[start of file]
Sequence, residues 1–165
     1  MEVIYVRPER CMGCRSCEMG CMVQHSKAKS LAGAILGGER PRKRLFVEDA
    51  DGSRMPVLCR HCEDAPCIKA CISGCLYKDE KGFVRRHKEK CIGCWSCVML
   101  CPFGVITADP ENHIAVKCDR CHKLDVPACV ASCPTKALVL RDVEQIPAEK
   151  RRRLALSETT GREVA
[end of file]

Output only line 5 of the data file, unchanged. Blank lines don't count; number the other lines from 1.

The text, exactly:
   151  RRRLALSETT GREVA